She knew that Pete was inside the apartment before she stepped inside, and it wasn't the loud laughter of her son that gave it away. Pete had a distinctive feeling, something that she picked up with her telepathy, and made him readily identifiable. And over the years she had become increasingly more and more sensitive to such things, as her power expanded and grew.
Dropping the keys on the side table in the entranceway, she stepped out of sensible flat shoes as she made her way into the kitchen, where the light was on, and she could smell hot dogs.
She was going to kill him, honestly.
Nathan's face lit up when he saw her step into the room, and had latched on to her leg before she had the chance to put down the groceries she was carrying. At five, her son was less of a handful than he had been at four, and the light of her life.
"I sent the babysitter home," Pete told her. He was leaning over the stove, monitoring the hotdogs in boiling water.
Yep. She was definitely going to kill him.
Every Tuesday and Thursday she worked back at the office until 5, and had a regular babysitter - a wonderful older woman who simply adored Nathan - who picked her son up from school and took care of him until she managed to get home. Every other day she finished early to spend as much time with her son as she could. Elisa had met Pete, and half-disapproved of him, a few months back, after he had just decided to pop in for a visit.
"Just in the neighbourhood?" she asked, setting down the groceries and replacing the load in her arms with her son, who hugged her enthusiastically - a little too enthusiastically, she thought, when she had to pry his arms from where they were tightly wrapped around her neck. Just as soon as he had hugged her though, he was pushing down, trying to reach the floor again.
"Exactly, luv." Pete turned and flashed her a devilishly charming grin that she had known for the better part of the last six years. He could flash that grin and win her over in a heartbeat, but to his credit, he'd never pushed. She didn't really think that was his usual style, but he always seemed to have a level of respect for her that didn't always fit in with his personality.
It was part of the reason why she loved him.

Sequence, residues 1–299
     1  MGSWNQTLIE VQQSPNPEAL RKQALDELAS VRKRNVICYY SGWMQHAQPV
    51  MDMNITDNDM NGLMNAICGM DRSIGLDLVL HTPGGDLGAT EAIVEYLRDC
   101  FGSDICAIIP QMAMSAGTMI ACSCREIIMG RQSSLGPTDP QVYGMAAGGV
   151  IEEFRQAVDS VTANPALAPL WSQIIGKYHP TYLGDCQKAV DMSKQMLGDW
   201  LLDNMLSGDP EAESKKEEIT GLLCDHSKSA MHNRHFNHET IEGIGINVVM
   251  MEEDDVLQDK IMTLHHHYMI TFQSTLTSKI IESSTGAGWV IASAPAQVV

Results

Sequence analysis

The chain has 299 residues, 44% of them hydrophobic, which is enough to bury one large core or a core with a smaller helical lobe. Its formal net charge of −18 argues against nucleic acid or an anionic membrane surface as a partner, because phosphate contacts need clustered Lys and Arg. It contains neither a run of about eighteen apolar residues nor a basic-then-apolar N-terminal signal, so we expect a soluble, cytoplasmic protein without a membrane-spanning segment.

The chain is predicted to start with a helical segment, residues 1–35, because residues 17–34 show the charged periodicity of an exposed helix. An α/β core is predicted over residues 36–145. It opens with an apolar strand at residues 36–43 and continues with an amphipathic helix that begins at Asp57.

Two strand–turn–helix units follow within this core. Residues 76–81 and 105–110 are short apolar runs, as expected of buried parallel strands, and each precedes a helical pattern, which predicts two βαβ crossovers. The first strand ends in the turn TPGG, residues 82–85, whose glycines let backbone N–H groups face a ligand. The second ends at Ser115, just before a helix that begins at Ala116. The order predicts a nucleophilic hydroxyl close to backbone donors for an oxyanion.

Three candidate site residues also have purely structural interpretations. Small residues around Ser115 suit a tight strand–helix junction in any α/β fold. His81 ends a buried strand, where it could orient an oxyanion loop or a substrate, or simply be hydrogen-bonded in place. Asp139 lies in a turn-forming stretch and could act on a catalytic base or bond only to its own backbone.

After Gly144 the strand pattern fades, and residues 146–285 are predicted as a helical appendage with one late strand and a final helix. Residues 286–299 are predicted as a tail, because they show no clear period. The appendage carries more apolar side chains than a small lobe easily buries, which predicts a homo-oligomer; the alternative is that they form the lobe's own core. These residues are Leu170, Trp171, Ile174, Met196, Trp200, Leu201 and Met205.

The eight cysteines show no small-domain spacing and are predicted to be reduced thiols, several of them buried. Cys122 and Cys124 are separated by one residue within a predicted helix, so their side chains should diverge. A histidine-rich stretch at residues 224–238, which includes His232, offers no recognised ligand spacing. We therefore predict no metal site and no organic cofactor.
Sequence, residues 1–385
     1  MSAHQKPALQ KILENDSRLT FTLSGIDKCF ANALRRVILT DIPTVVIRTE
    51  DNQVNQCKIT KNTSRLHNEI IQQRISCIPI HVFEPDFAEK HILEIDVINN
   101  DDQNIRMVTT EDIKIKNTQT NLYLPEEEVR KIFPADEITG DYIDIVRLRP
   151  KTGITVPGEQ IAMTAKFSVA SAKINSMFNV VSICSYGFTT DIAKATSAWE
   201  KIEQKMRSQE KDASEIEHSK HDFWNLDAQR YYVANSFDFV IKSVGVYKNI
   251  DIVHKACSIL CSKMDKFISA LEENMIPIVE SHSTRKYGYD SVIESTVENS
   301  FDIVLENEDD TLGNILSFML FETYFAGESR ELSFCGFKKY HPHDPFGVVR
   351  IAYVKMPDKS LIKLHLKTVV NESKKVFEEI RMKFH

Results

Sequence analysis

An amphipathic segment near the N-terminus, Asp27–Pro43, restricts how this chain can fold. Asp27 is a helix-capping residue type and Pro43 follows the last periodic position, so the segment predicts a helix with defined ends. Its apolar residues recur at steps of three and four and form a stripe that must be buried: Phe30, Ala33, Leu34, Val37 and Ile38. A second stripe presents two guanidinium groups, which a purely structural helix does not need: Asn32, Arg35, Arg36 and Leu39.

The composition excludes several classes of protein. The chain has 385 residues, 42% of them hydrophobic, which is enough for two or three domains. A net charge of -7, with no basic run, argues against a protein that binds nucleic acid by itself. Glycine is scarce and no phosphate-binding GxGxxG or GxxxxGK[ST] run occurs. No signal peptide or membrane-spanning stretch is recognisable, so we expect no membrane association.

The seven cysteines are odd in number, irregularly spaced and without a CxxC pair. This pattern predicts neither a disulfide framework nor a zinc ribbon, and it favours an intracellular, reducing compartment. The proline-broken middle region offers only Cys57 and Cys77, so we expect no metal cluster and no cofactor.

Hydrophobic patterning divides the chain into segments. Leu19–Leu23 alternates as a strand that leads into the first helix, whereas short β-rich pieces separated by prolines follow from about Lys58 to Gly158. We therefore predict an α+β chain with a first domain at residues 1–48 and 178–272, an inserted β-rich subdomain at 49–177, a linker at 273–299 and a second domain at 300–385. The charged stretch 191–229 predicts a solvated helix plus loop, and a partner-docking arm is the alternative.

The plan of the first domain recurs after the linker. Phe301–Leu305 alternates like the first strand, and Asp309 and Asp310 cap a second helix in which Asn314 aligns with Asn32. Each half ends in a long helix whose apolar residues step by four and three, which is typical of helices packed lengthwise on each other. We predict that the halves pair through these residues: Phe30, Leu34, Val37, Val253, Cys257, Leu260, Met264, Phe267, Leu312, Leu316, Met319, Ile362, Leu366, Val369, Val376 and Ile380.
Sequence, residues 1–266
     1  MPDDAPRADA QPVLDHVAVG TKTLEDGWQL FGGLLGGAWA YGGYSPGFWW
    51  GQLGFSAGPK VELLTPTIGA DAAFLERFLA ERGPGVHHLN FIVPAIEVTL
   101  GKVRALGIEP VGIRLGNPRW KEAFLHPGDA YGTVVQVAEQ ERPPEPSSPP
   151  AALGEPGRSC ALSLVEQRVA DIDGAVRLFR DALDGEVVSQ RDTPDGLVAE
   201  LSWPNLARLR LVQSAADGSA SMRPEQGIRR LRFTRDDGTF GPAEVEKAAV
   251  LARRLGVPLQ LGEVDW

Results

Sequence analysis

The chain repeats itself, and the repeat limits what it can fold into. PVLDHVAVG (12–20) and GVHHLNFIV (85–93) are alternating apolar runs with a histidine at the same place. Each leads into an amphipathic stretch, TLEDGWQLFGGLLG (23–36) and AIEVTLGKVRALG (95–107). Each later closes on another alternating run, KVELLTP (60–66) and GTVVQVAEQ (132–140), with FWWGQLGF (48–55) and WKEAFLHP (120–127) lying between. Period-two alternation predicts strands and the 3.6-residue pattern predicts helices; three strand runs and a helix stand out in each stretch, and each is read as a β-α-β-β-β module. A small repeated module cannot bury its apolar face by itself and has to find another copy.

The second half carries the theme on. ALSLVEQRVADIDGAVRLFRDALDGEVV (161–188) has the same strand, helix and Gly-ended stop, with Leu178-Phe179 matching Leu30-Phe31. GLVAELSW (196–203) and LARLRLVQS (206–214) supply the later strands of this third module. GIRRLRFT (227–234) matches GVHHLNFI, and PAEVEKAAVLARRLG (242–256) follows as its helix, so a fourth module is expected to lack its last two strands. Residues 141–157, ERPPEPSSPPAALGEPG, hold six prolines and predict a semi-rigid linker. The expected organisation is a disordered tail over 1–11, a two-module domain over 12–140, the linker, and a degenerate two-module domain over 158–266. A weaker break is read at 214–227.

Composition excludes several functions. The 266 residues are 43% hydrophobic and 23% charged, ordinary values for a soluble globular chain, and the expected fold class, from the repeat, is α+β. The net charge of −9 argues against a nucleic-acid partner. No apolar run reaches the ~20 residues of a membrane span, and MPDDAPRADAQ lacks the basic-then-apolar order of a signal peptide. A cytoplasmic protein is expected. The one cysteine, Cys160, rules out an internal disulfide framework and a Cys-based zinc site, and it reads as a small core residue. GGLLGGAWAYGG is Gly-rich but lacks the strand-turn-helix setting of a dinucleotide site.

But he would be damned if he could get that admission out of her voluntarily.
"Uncle Pete's making dogs!" Nathan chimed in. He'd climbed back into the chair at the kitchen table, where he was colouring in a Wiggles colouring book.
Kate raised an eyebrow in Pete's direction. "So I see," she replied, refraining from resting her hands on her hips.
Pete's lips twitched, as if holding back laughter. "Nate was kind enough to point them out in the fridge."
I'll bet he was, she sent to Pete, shaking her head and turning away to muss up her son's hair. "So much for pasta for dinner, huh kiddo?"
"Don't like pasta."
Kate rolled her eyes and turned back to the grocery bags, pulling out the milk and putting it away in the fridge.
When Pete came up behind her, wrapping his arms around her waist, she was surprised. It was uncharacteristic for him, and while they had moved from purely platonic friendship into something more, they'd agreed on slow... and it was Pete. He just did not do romantic in the traditional sense.
But in his arms, she really didn't care. She'd spent so much time on trying to protect herself and her son, and on surviving, that she'd forgotten that she could do all those things and still let someone else in.
Even if he was a somewhat disreputable fellow.
His breath was warm against her cheek was warm when he kissed her, and then he pulled back.
She half-turned her face to look at him. "I missed you, you know."
The smug smile on his face made her smile. "I know."
Behind them, Nathan called out, "Missed you, Uncle Pete!"